This guest blog is written by Monique Wheatle, a Medical Student at the University of Birmingham and co-founder of the African Caribbean Medical Mentors organisation.
Who I am and what I do:
My name is Monique Wheatle, and I’m a graduate entry medical student at the University of Birmingham. I previously studied Biomedical Science at UoB. During my Biomedical science degree, in June 2017, I have co-founded an organisation called African Caribbean Medical Mentors (ACMM). In light of current circumstances, I wanted to write about the work we do to widen participation within medicine and dentistry.
About my work:
ACMM is an organisation which aims to realise the potential of current and future doctors and dentists of African and Caribbean descent. I co-founded this organisation alongside Shikila Edward as we felt as though there was a lack of support for students entering these fields. We also saw the need to create a space for positive representation of black doctors and dentists within the healthcare service. Ourselves and many of our colleagues had not seen a doctor or dentist that looks like us and we could relate to, which is also something we hope to achieve with ACMM.
What we have achieved so far:
We have been running a mentoring scheme for 3 years, which has supported over 150 students in their UCAS applications to either medicine or dentistry. We have run outreach sessions in a number of schools or sixth forms to unlock the potential of students who may be capable of entering the healthcare profession. We run annual workshops to support prospective students applying to medicine or dentistry, and inspirational events for our current community to get involved and support students.
We have also had the chance to work with some very exciting people. We worked with Lambeth Council at an Aim High event to inspire Caribbean students to professional careers. We frequently work with the BMA to ensure that policies are made to include all students, and have been involved in a number of round-table discussions to widen participation and improve equality, division and inclusion provisions within the healthcare sector. Recently, we have been featured on ITV News to discuss the disproportionate number of BME individuals who were dying from the Covid-19 pandemic. There is always a lot going on which is testament to why this is so needed.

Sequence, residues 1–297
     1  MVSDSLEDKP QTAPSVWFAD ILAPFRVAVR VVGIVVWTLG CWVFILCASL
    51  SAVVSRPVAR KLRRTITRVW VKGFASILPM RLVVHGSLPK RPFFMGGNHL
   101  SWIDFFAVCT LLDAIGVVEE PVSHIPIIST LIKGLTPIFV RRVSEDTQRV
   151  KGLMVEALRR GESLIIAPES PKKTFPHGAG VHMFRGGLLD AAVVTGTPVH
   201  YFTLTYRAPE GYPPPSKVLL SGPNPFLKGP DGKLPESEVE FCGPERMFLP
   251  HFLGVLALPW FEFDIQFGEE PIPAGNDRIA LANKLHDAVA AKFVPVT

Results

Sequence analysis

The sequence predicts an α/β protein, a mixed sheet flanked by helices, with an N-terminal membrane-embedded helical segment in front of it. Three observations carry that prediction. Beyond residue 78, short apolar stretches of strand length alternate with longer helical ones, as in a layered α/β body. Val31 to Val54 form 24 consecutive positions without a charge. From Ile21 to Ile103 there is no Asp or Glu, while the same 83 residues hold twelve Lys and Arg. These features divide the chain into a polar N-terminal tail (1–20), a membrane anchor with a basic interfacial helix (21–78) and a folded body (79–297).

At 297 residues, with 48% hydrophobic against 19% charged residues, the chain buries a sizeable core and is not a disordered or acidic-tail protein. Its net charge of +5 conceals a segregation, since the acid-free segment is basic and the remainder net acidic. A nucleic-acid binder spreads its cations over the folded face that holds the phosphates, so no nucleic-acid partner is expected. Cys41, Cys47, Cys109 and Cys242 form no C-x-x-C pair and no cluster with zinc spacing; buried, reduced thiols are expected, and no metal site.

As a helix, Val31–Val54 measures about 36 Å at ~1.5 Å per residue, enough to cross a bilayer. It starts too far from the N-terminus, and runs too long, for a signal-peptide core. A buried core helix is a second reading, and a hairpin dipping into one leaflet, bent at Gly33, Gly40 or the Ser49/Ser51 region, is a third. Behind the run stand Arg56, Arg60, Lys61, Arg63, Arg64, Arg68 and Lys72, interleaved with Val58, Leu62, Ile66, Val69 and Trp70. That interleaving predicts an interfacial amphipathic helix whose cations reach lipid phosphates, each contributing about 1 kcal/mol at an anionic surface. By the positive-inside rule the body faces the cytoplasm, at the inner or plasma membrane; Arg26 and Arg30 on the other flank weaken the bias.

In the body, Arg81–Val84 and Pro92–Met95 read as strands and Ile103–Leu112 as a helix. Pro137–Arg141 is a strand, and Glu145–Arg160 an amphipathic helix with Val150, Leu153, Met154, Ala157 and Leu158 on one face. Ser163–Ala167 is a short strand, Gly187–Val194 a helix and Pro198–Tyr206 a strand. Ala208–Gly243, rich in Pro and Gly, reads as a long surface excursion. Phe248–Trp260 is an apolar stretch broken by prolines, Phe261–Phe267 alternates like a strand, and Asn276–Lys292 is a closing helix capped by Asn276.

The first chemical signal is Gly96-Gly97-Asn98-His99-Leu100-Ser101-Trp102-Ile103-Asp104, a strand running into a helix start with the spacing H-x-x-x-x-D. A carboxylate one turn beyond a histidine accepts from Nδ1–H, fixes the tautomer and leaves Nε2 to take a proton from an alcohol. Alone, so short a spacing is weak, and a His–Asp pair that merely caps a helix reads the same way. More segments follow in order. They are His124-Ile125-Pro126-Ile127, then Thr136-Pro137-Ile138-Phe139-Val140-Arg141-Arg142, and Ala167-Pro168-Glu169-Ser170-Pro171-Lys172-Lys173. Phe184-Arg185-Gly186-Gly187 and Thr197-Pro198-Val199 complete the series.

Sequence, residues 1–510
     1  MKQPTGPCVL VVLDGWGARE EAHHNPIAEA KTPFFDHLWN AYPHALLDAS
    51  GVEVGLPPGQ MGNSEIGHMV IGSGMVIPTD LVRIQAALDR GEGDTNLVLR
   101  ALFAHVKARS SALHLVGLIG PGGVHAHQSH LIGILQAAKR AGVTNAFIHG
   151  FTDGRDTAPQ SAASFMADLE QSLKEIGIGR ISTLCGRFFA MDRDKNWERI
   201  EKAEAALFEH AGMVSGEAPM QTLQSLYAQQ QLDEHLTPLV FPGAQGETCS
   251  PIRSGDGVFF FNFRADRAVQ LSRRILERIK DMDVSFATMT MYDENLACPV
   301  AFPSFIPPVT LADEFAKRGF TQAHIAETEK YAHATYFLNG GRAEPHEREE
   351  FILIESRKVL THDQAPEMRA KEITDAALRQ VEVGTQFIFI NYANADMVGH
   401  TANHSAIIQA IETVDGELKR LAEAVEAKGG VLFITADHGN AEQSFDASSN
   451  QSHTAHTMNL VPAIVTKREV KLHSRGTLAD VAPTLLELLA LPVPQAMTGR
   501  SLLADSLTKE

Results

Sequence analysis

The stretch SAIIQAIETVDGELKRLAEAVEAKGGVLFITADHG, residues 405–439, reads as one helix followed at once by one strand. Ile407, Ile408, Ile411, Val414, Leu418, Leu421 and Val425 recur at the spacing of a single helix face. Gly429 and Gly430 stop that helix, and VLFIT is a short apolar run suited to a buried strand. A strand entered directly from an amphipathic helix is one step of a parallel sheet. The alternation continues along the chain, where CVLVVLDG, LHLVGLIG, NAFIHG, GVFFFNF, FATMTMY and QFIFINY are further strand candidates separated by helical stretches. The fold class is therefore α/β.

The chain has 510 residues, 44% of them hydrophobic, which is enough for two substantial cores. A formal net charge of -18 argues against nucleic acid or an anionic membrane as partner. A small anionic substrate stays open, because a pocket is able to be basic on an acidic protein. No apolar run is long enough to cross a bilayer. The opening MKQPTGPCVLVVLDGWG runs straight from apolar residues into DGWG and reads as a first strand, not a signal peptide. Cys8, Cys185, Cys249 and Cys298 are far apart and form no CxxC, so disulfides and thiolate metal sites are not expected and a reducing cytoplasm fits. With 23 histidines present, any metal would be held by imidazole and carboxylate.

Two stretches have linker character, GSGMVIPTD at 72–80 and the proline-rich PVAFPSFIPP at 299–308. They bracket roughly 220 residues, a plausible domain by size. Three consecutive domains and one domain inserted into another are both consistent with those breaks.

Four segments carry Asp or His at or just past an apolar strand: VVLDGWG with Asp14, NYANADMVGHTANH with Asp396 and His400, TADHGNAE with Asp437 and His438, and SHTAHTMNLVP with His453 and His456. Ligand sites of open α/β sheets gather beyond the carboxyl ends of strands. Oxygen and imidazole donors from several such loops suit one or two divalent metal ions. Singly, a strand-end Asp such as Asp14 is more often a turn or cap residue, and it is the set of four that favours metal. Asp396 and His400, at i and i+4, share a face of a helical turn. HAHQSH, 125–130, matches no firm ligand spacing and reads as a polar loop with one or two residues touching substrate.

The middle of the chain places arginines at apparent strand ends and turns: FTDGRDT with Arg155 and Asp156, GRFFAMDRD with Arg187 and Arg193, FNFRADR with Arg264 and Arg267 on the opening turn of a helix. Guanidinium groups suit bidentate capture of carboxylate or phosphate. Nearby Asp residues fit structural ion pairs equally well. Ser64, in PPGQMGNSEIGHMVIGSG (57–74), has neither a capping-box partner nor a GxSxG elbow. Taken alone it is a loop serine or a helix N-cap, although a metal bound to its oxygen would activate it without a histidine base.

How people can get involved:
For current medical/dental students or healthcare professionals, signing up to be an ACMM ambassador is the best way to get involved. You can do so by following this link:
Highlights and lowlights of running an organisation:
The highlights are definitely meeting students who have been successful in their applications, and hearing feedback from mentors and ambassadors who have enjoyed the experience. Knowing we are actively making an impact to so many people is hugely rewarding. The hardest parts are finding time, and also the consistency of it. My to-do list for ACMM never ends, and that is even with a core team of 15 amazing colleagues who support our vision. Staying motivated can sometimes be hard when we get set-backs, but the rewarding nature and the chance to make real differences always makes it worthwhile.
By Monique Wheatle
A huge thanks to Monique for all the time and effort she put into writing this blog and more importantly the work of ACMM.
Find out more about African Caribbean Medical Mentors using the following links:
ACMM website: https://www.acmedicalmentors.co.uk
MDS Outreach can be found using the following links: